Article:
Me: so true:)

Mama: What makes me sad?

Son: Anyone whose sob story impresses you. God knows how many people find your shoulders suitable to cry on. Honestly, I've lost count.

Daughter:Treachery and your inability to correct it. But you do go overboard to the extent of letting things affect your health.

Mama: How do I make you laugh?

Daughter: When your lips start quivering and you seem ready to cry while watching vidaai scenes in a movie or TV serial. I found it funny even as a child and wondered how you failed to see that it was not for real.

Son: mmmmmmmmmm.I think I'll say 'me too.'

Mama:What do you think I was like as a child?

Daughter: From what patti said you were a bookworm and very careless with your things. But daddy's company seems to have sobered you.

Son: I can't even imagine you as a child. But from what patti says you seemed to have been the boringly good kid, listening to mamma and generally being obedient. Thank God for us children who made life spicy and interesting for you.

Me:I didn't know that being good could be boring.

Mama: How old am I?

Daughter: You are now a grandmom to 4 g'kids but getting younger by the day.

Son : My soon to retire mother, why ask leading questions? If you expect me to say that you are young at heart and stuff like that..........I think I am sleepy and need to go to bed. (yaaaaaawns!)I think I'll make up for that by saying that you are ageing gracefully. Happy??

Me: Loved your responses.Reminded of the time when you were here in Jamshedpur.

Mama: How tall am I?

Daughter: All of us could see the top of your head from time immemorial.

Son : As tall as I want my mother to ever be.

Mama: What is my favourite thing to do?

Son:Your afternoon sleep with all three children made to forcibly lie down whether they wanted to sleep or not.

Daughter:Discussing issues that affect mankind in general.

Me: My college timing has changed and so no more afternoon naps except on Sundays and holidays.

Mama: What do I do when you’re not around?

Son:Playing computer games I suppose.

Daughter:Listening to carnatic music and blogging perhaps.

Me:Missing my kids, you silly children!

Mama: If I become famous, what will it be for?

Son: For being the mother of excellent children. The day is not far ma....Just wait.

Daughter: For your heartfelt concern for those around you.

Mama: What am I really good at?

Son:You seem to handle situations that drive you crazy very well. And you make excellent rasam.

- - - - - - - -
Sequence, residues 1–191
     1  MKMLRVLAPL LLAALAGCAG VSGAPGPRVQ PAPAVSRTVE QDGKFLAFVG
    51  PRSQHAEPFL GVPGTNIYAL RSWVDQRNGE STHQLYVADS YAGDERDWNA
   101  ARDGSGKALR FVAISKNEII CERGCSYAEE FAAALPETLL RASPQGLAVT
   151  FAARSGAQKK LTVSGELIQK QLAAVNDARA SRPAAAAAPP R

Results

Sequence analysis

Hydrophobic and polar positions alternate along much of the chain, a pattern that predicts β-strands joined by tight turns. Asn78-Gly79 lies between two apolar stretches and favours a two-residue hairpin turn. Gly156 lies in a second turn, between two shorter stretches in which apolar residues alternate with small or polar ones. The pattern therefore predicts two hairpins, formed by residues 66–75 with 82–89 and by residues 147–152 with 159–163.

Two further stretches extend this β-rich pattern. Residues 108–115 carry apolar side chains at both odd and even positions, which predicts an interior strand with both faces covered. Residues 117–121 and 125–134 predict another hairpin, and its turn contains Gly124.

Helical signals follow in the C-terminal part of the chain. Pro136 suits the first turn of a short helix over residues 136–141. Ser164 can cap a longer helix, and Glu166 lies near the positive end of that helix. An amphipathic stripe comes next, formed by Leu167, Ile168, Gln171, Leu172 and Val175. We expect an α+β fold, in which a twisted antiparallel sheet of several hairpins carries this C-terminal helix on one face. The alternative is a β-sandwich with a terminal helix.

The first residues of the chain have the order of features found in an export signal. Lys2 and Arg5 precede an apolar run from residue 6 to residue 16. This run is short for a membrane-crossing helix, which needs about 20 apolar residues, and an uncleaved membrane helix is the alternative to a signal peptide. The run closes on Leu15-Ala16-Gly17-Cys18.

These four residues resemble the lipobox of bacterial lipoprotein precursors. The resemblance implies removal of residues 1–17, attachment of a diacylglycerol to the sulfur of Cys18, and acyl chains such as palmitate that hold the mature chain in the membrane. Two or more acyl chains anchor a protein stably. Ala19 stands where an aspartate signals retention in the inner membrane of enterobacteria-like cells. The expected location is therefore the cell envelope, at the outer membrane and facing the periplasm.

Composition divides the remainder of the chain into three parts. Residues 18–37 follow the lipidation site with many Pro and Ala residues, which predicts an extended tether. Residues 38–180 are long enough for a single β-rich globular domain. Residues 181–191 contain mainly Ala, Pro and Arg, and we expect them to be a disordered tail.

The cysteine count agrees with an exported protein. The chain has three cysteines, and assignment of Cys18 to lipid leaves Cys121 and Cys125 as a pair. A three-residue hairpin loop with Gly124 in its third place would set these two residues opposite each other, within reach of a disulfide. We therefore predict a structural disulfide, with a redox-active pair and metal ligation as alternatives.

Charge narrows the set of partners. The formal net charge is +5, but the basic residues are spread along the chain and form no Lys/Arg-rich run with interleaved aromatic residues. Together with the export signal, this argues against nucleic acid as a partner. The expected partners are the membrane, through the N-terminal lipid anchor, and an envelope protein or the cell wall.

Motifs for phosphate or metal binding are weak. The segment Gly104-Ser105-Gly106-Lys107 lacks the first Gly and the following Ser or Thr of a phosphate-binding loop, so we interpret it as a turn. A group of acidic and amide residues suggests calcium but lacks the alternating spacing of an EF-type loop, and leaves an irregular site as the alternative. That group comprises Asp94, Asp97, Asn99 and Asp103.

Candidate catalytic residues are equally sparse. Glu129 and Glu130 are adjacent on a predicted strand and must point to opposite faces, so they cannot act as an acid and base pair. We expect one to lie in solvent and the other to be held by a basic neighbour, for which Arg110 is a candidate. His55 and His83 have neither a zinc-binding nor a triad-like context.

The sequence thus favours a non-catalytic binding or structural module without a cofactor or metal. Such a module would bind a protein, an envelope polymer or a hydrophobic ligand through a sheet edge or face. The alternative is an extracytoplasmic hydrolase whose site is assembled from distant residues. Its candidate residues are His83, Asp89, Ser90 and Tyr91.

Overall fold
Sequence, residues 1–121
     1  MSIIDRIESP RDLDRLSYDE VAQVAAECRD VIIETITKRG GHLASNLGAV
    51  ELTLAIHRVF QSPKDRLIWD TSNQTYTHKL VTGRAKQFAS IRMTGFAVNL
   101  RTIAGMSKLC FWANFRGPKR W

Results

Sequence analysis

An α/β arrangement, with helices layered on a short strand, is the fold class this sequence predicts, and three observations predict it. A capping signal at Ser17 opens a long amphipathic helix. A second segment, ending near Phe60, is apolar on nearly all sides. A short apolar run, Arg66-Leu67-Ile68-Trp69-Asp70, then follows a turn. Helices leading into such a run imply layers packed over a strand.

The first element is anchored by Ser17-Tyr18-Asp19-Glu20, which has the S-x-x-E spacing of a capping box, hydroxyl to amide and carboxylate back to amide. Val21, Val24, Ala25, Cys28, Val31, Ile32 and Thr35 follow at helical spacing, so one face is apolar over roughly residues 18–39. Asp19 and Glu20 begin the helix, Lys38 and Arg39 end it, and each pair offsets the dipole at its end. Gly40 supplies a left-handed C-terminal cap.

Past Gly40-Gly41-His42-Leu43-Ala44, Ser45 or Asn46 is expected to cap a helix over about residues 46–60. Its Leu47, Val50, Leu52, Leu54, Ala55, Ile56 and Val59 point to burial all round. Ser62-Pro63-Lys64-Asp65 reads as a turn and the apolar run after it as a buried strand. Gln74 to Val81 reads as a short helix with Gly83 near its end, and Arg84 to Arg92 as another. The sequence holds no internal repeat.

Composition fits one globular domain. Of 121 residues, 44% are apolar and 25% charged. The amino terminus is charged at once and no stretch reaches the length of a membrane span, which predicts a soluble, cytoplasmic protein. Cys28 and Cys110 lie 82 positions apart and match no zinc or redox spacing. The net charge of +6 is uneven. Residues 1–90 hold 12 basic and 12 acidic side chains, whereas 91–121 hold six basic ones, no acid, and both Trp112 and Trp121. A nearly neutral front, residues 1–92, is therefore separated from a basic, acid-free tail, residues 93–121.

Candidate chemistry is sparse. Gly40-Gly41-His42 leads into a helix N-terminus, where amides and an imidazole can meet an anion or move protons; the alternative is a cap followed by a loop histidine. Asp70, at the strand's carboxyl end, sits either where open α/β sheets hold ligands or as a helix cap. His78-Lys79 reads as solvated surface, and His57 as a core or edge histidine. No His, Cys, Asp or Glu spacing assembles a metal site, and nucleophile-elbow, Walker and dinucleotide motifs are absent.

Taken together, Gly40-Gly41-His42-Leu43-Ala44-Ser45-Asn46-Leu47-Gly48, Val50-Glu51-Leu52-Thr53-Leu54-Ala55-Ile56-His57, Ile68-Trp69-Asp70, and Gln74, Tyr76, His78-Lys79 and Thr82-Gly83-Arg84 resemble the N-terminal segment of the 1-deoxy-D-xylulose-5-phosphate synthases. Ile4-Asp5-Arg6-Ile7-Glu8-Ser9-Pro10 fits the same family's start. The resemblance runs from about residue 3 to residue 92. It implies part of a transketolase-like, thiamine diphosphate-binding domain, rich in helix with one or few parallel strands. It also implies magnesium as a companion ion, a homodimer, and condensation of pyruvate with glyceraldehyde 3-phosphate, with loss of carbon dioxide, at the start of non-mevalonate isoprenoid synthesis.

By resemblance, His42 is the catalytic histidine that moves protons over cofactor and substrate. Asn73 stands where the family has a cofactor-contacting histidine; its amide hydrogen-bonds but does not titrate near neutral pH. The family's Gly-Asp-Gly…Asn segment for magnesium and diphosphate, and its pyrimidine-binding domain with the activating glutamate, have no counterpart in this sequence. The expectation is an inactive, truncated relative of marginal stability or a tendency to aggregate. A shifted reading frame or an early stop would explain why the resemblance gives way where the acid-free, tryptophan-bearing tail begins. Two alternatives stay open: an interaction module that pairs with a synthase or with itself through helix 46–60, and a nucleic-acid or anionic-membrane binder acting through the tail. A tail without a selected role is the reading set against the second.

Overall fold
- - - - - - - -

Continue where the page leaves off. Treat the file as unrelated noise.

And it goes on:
Daughter:You balance home and job pretty well tho' I don't remember you doing anything really fast. I remember you starting after us and overtaking us on the road in your moped. Daddy was always a safe driver but you loved to speed up.

Mama: What am I not really good at?

Son:Cooking an elaborate meal. I don't think you care too much about spending hours together in the kitchen.

Daughter: At defending your children. You always wanted to hear the other side of the story instead of believing our version right away.

Mama: What is my job?

Son:Being our mother.What else, eh?

Daughter:To worry about daddy as if he were a 4 year old.You've never let him grow.

Me: I did not stop his growth. He preferred it that way. It suited him.

Mama: What is my favourite food?

Son:Spicy south Indian dishes like 'vattal kuzhambu and seppangizhangu roast'.

Daughter:Junk food like pani puri and samosas. We know it ma..ha,ha.

Me: I've given it all up now.

Mama: What makes you proud of me?

Son:You learnt to drive a car at the age of 54. Wow, I am impressed.

Daughter: You pursued your studies after a gap of 15 years. I remember the hard work you put in.

Mama: What makes me proud of you?

Son:Proud of me? That's good news.

Daughter:didn't know you were proud of us. Why didn't you let us know?

Me: Naughty children. as if you didn't know.

Mama: What do you and I do together?

Son : Discuss socially relevant issues.

Daughter: '''''''''mmmmmmm' let me think..... Oh yes, you've made me help in the kitchen ever since I could. So how come you don't remember me helping you out????''''

Me: sorry my child. I wish I could undo all that and give you back your childhood.

Mama: How are we the same?

Son:I don't think we are the same and I am glad we aren't. Like poles repel you know!

Daughter:We both like junk food.

Me:Sonny boy, we share the same gene pool. How different can you be?

Mama: How are you and I different?

Son:I am a towering personality and you are a shortie!!

Daughter: I am better organized than you. You keep hunting for things all the time.

Me: True, very true.

Mama: What is one thing you wish you could change about me?

Daughter:I'd really want you to lose weight. It would be good for your health.

Son : Me too.

Me:I'll try harder but There seems to be little I can do about that.